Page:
Farmer's remarkable endeavors are described in François Weil, Family Trees: A History of Genealogy in America (Cambridge, MA: Harvard University Press, 2013), chap. 2.
Richard S. Dunn narrates the pre-Savage history of editions and manuscripts found and lost in his Introduction to the 1996 edition; see esp. xi-xiv. Cited hereafter as Dunn, ed., Winthrop's Journal.
So entitled by Charles Francis Adams Jr., who reprinted several of the core documents (including the Short Story) in Antinomianism in the Colony of Massachusetts Bay, 1636–1638. But as Michael P. Winship has pointed out, the first person to use the phrase “or at least popularize it” was George Bancroft in 1834. Winship, Making Heretics, 247n1.
Savage included his collation in the entry on Thomas Weld in the Genealogical Dictionary, 4:459. See also Savage, Winthrop's History of New England, 1:298n1, and “Short Story,” Historical Magazine 2 (1858): 170–72.
Described as such by Charles Deane: MHS Proceedings 5 (1878), 240 and repeated by Charles Francis Adams in his introduction to Antinomianism. In 1905, Adams characterized Savage as “foremost” in his area of scholarship but also as having “the most striking individuality” that “would bring Mr. Savage into collision with some other person of equally individual attitudes.” MHS Proceedings 20 (1906): 234–37. For Deane's renown, see MHS Proceedings 15 (1889): 102–41.
Joseph Felt, The Ecclesiastical History of New England, 2 vols. (1852), 1:329; “Hutchinson,” “Authorship of the `Short Story’,” Hist. Mag. 1 (1857): 321--24. Savage and Thornton replied in Hist. Mag. 2 (1858): 22–23, and Thornton on 2:170–72. Charles Deane's exchanges with Savage are tucked into the elaborate binding of his personal copy of the Short Story (Houghton Library, Harvard University, Cambridge, MA). The Houghton collection also includes J. Wingate Thornton's copy, also with materials from the controversy of the 1850s bound in it.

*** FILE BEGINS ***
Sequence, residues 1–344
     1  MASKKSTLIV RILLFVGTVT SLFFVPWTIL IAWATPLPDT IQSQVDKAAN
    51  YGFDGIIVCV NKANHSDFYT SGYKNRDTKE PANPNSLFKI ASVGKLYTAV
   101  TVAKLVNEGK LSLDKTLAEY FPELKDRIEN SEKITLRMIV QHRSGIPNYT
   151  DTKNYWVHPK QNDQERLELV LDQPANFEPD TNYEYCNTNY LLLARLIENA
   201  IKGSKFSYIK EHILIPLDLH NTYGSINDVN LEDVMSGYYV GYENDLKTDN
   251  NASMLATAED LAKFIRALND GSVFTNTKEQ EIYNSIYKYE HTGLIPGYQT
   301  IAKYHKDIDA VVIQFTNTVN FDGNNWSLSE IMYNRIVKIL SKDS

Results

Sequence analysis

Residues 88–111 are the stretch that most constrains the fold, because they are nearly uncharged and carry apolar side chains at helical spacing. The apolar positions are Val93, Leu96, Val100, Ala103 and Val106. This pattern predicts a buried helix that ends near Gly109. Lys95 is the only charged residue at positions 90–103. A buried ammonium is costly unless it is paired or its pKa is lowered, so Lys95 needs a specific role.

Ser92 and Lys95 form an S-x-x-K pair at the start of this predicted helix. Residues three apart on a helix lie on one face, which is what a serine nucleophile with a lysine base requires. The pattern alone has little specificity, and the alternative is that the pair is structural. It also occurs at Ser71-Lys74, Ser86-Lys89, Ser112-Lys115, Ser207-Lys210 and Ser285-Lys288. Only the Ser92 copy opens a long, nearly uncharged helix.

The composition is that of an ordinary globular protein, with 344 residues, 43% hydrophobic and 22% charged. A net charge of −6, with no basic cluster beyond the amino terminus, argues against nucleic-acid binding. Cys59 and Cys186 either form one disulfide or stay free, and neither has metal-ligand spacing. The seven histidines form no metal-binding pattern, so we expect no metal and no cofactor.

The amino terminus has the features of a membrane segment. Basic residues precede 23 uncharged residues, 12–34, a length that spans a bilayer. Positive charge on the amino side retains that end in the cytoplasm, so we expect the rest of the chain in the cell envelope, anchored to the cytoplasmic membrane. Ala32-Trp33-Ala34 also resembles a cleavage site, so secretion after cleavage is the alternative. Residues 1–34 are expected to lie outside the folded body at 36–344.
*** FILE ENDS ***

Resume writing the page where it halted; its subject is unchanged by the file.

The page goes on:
A parallel example is described in Randolph G. Adams, “William Hubbard's ‘Narrative,’ 1677: A Bibliographical Study,” Bibliographic Society of America Papers 33 (1939): 25–39.
Dunn, ed., Winthrop's Journal, 239.
Winthrop Papers: Massachusetts Historical Society Publications, 6 vols, (Boston: Massachusetts Historical Society, 1929–), 3:141; Groom, Glass For the People of New England, 6–8.
For example, a London bookseller turned Thomas Hooker's The Poor Doubting Christian into a mishmash of texts. See Sargent Bush, “The Growth of Thomas Hooker's The Poor Doubting Christian,” Early American Literature 8 (1978): 5–13.
David D. Hall, The Antinomian Controversy, 1636–1638: A Documentary History (Middletown, CT: Wesleyan University Press, 1968), 263; John Cotton, The Way of Congregational Churches Cleared (London: 1648), reprinted in Larzer Ziff, ed., John Cotton on the Churches of New England (Cambridge, MA: Harvard University Press, 1968), 239.
Hall, Antinomian Controversy, 270, 273–74. Cotton was asked what he thought of Hutchinson's “Revelations.” In the full transcript he was sharply rebuked for equivocating. Henry Vane Jr., the young English aristocrat who arrived unexpectedly in 1636 and became governor of the colony, had sided with Cotton as the crisis began to unfold. His status in England may explain why he was almost completely erased from the book.
George H. Moore, “Work and Materials for American History, Continued,” Hist. Mag., 2nd ser., 3 (1868): 26--28. In Ways of Writing: The Practice and Politics of Text-Making in Seventeenth-Century New England (Philadelphia: University of Pennsylvania Press, 2008), chap. 2, I surmised that Higginson served as clerk or recorder for the November 1637 session of the General Court. It seems improbable—indeed, fantastic—that Higginson could possibly have earned the sum of one hundred pounds for his services at the synod. The only professional scrivener in Boston at the time was Thomas Lechford. The early eighteenth-century minister-antiquarian Thomas Prince had seen “An ancient Record of the first New-England Synod, viz. at Cambridge, 1637.” Thomas Prince, A Chronological History of New-England, ed. Samuel G. Drake (1746: repr., Boston, 1852), xvii. Almost certainly, this is the manuscript Higginson had prepared.
Thomas Hutchinson, History of the Colony and Province of Massachusetts-Bay, ed. Lawrence Shaw Mayo, 3 vols. (Cambridge, MA: Harvard University Press, 1936), 1:60–61, 64. As Hutchinson grasped (having read letters that may no longer survive), “The confusion in the colony, occasioned by these religious disputes, was very great; and it appears from the letters then wrote from England, that they made great noise there.”